Northeast property owners prepare for hurricane sandy

Ken Kmet
Ken Kmet | 4 min. read

Published on October 26, 2012

Hurricane Sandy is glancing off Florida, and heading toward the east coast of the U.S., aiming straight for a rare collision with the Northeast U.S. Sitting here, as a Floridian, watching the satellite photos and watching the projected path, I am reminded that many, many part-time residents of Florida live in the Northeast. Even though most Northeast homes and properties are not fitted for hurricane protection, many residents know the drill. The only good news about this event is you have a lot of time to prepare, because tracking software has become so sophisticated.

So, if you only have a couple of days and a couple of bucks, and a couple of helpers or contractors to make you hurricane-ready, what to do? What are the priorities?

First, identify which hazard would affect you most — rising water (flood), wind, or even wet snow. Your property location and type should make this easy. High-rises should take cover, because wind speeds increase every few floors you are up.

Check for trees that overhang roofs, and if they are weak, old, or show signs of age, have them trimmed.

Walk the yard, and exterior, and secure or store anything that could become a missile or flying object. When in doubt, just store it.

If you are likely to have to evacuate, secure your home, not just from the severe weather, but also from vandals and thieves. Years ago, the day after a hurricane ripped through my neck of the woods, I was able to slip through the National Guard troops to get to a few of my properties, which were on the beach. After my inspection, during which I took pictures, noted damages, and called the property owners with my report, getting back in my vehicle I noticed many soldiers with machine guns walking the streets, Guard vehicles, and equipment. They were not messing around, and frankly, it was shocking to me to actually see martial law imposed, more or less, in my town. I managed to leave, also unnoticed, and wondered to myself if I was getting paid enough to have done something out of duty that could have gotten me in a lot of trouble. The point is, it can get that bad, and you could be delayed access to your property for some time if a storm does that type of devastation. Prepare for this, and count your blessings if it doesn’t happen that way.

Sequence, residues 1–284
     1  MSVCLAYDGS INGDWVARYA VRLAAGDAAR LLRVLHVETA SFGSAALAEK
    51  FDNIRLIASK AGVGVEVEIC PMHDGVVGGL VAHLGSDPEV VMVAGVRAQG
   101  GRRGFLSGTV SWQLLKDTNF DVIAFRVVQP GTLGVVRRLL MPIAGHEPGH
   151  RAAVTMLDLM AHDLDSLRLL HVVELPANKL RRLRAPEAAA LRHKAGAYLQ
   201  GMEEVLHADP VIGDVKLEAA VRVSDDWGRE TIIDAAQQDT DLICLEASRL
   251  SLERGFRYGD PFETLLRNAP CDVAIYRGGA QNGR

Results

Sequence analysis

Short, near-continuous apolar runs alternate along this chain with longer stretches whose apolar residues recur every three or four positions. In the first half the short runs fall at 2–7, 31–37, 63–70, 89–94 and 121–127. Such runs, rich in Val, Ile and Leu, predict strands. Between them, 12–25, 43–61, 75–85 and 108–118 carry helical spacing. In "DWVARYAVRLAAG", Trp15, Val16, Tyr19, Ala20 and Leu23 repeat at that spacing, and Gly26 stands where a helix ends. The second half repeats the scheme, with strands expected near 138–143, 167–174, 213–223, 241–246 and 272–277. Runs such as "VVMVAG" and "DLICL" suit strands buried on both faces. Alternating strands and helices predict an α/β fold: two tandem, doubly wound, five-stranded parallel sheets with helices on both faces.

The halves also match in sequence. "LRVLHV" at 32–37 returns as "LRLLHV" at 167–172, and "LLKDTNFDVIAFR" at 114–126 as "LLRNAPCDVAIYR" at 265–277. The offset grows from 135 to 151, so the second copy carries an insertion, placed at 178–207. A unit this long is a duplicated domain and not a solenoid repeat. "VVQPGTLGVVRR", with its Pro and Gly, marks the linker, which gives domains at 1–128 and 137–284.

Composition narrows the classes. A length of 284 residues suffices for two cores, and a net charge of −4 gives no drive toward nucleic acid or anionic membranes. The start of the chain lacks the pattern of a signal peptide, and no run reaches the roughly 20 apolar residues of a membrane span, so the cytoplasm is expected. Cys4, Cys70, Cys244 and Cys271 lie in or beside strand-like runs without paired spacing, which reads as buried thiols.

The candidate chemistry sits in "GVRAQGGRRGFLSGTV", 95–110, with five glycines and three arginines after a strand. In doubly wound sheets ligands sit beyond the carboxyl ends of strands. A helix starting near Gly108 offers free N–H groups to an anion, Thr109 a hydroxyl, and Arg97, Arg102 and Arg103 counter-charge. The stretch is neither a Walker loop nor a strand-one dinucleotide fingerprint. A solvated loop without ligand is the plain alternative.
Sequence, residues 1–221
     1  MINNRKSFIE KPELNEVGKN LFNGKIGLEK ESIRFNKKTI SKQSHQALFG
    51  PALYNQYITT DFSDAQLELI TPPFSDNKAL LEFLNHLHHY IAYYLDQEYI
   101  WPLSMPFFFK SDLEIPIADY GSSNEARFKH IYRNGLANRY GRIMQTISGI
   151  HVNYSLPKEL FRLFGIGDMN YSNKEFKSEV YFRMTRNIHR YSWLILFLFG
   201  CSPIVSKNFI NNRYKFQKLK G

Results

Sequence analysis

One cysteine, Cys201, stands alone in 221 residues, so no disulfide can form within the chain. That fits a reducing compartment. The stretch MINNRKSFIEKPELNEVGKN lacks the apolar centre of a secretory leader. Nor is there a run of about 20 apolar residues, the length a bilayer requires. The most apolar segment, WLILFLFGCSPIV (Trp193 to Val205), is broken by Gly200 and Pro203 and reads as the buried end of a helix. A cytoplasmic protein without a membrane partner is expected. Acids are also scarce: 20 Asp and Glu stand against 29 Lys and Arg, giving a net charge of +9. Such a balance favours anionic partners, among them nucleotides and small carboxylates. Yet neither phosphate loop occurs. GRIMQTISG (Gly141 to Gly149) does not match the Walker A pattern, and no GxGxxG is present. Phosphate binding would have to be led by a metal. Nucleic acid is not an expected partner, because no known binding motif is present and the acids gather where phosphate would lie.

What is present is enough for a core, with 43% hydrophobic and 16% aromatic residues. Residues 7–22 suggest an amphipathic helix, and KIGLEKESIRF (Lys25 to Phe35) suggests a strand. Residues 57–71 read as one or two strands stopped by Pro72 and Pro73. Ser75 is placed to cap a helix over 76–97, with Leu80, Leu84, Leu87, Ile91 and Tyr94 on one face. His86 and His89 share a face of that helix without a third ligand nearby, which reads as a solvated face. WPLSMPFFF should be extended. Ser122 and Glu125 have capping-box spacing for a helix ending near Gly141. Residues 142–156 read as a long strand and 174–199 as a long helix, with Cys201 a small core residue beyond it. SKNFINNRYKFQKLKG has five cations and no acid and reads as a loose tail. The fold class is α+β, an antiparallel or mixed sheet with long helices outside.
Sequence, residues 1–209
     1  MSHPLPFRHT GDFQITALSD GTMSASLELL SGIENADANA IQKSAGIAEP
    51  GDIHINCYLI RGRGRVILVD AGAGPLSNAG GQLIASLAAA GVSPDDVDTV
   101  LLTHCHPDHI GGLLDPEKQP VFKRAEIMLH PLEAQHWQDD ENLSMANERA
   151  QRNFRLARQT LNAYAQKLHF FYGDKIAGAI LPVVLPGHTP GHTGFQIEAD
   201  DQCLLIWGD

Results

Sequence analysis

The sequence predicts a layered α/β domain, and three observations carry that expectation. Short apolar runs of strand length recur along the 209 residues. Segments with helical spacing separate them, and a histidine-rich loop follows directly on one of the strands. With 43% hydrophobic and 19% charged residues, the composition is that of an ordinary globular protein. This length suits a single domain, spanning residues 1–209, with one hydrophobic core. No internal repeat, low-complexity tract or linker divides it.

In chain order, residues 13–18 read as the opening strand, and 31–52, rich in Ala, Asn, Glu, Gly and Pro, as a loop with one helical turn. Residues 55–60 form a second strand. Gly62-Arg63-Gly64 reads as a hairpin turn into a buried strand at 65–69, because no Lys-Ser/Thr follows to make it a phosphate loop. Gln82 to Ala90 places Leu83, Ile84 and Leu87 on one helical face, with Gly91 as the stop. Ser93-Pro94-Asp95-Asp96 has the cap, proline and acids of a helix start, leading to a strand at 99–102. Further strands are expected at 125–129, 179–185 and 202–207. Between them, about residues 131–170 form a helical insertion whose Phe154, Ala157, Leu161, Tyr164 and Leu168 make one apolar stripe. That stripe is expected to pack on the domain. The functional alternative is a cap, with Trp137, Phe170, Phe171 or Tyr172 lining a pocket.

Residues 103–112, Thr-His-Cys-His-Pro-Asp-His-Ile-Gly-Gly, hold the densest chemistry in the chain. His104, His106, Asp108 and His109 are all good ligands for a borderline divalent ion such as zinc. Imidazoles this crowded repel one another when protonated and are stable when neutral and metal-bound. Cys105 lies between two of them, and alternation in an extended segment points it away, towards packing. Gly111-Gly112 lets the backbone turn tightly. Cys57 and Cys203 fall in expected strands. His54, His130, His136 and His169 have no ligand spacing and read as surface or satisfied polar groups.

Gather a bag, suitcase, or boxes with your important papers, CDs, thumb drives, et cetera, including any digital records that are on your desktop computer (and not on your laptop or mobile device). Make this light, compact, and weatherproof, so you can grab it and go in an instant and in very bad weather.

Prepare for power losses, earlier than you think. Make sure you can function if it is pitch black, because storms hit when they want to, not when it is convenient. Gather a mobile power bag also, with flashlights, extra batteries, and consumables, much like you would prepare for a winter storm. Traffic can become gridlocked, especially with people who are not used to this sort of thing, wait until the last minute, and so forth. When storms like this hit, and are rare, there are many more people who are rookies at this on the road.

Property damage is actually the last priority. Life safety, personal and property security, records, and survival kits should be the priorities. We know the drill in Florida. But a northern hurricane is rare, and many people have never experienced anything like it. Northern storms have the wet snow or ice possibility. Not only do you get the same factors that a southern hurricane can bring, but wet snow and ice can down power lines and cause property damage even more than the other factors.

I hope that the storm is not as bad as they are predicting, and my thoughts and prayers are with everyone in Sandy’s path. Do all you can do to prepare, and then hope and pray the effects are minimal. Take care.

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Ken Kmet

Ken Kmet is the owner of Condo Voice in Clearwater, Florida, a web portal for the community association industry.

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